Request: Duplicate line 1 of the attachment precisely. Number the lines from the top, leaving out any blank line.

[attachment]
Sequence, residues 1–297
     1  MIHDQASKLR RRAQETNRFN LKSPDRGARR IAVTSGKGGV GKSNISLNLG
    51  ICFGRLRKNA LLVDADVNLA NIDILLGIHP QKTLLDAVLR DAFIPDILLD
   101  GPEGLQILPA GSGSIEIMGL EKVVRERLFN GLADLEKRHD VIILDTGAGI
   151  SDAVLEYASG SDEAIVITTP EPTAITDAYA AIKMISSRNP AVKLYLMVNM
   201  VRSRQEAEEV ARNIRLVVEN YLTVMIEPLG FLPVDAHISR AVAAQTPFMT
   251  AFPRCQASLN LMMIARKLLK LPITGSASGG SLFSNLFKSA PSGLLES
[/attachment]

Sequence, residues 1–297